Google was sued on Tuesday [June 2nd, added by me] in a proposed class action accusing the internet search company of illegally invading the privacy of millions of users by pervasively tracking their internet use through browsers set in “private” mode.
The lawsuit seeks at least $5 billion, accusing the Alphabet Inc unit of surreptitiously collecting information about what people view online and where they browse, despite their using what Google calls Incognito mode.
According to the complaint filed in the federal court in San Jose, California, Google gathers data through Google Analytics, Google Ad Manager and other applications and website plug-ins, including smartphone apps, regardless of whether users click on Google-supported ads. This helps Google learn about users’ friends, hobbies, favorite foods, shopping habits, and even the “most intimate and potentially embarrassing things” they search for online, the complaint said.
We as Marketers have suspected Google using Google Analytics scripts and other apps to understand user behavior and feed algorithms for quite a while. This accusation, however, targets a problem that exists for quite a while: the misunderstanding of what an incognito browser does.
From the class action suit:
As discussed in more detail below, Google tracks and collects consumer browsing history and other web activity data no matter what safeguards consumers undertake to protect their data privacy. Indeed, even when Google users launch a web browser with “private browsing mode” activated (as Google recommends to users wishing to browse the web privately), Google nevertheless tracks the users’ browsing data and other identifying information.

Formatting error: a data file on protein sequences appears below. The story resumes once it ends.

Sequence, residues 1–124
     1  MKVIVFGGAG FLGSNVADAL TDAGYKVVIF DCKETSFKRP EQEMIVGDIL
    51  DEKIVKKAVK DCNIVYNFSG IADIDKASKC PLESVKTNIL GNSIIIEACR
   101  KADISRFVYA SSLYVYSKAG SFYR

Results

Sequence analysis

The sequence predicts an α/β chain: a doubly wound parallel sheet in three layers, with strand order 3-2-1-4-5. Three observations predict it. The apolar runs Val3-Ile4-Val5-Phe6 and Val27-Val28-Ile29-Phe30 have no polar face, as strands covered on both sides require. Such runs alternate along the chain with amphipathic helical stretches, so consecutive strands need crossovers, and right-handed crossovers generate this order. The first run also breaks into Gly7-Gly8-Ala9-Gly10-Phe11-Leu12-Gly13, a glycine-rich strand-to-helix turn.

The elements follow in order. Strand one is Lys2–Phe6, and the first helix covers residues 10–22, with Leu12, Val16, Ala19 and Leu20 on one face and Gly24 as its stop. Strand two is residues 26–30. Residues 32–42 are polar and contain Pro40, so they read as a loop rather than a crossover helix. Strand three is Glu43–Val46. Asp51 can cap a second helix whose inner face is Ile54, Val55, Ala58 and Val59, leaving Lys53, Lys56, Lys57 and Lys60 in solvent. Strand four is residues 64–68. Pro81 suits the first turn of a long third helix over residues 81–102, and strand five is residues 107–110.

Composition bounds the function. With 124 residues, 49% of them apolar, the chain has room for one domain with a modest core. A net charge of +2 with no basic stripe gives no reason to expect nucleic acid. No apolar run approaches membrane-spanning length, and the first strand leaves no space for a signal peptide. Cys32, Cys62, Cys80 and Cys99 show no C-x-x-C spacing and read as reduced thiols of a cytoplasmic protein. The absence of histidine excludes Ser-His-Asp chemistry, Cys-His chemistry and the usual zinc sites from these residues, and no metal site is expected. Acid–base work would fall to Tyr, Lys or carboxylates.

This is not new. Incognito browsers have never done what users think they do. 40% of people think that the browser incognito mode prevents websites and other players to track them. That’s not the case. You’re not anonymous. Instead, incognito simply doesn’t store cookies at the end of the session. It deletes session data in your browser when you close the window but you’re still perfectly traceable. According to ZNET, Google promised to fix this issue in 2019 but didn’t. Some sites even block incognito users.
For Google, there are tons of avenues to track people:
- Google Analytics tracking pixel on websites
- Google Sign-in button
- Google Ad Manager
- Various other applications and plug-ins
Google accomplishes its surreptitious tracking through means that include: GoogleAnalytics, Google Ad Manager, and various other application and website plug-ins, such as Google applications on mobile devices and the “Google Sign-In button” for websites. When an internet user visits a webpage or opens an app that uses such services (over 70% of all online publishers use such a service), Google receives detailed, personal information such as the user’s IP address (which may provide geographic information), what the user is viewing, what the user last viewed, and details about the user’s hardware.
The problem – and this is what Google is sued for – is that people don’t understand how incognito works (the survey I linked to above proves it) and that Google gives people a false picture of reality.
Google states in its documentation:
Google does state that searches or visits won’t be saved on users’ devices but they don’t mention that users will still be traceable.
It will be very interesting to see how this class action suit plays out. However, it brings back the good old notion of what Google knows about you. And the answer is: a lot.
The best way to see for yourself is to look at your Google my activity record of stored information.
On top of that, there’s a section called “more activity”. It’s well-hidden (for a reason), but on https://myactivity.google.com/more-activity, you can see all the other sources of data Google takes into account., such as Youtube, Play Store, Maps, etc.
It ties nicely with a patent about User-sensitive PageRank that I wrote about in the light of Prabhakar Raghavan leading Search.
The idea of Authority value is to blend user behavior data with classic PageRank models.
If Google can trace our searches and other data perfectly, I reckon they can create a profile of users that would allow them to understand their expertise in a field. As a result, maybe certain visits do matter more than others?
Either way, I expect Google’s tracking across several platforms to increase and impact organic search more over time. I’ll publish a full article on this topic, which I call platform confluence, on Monday.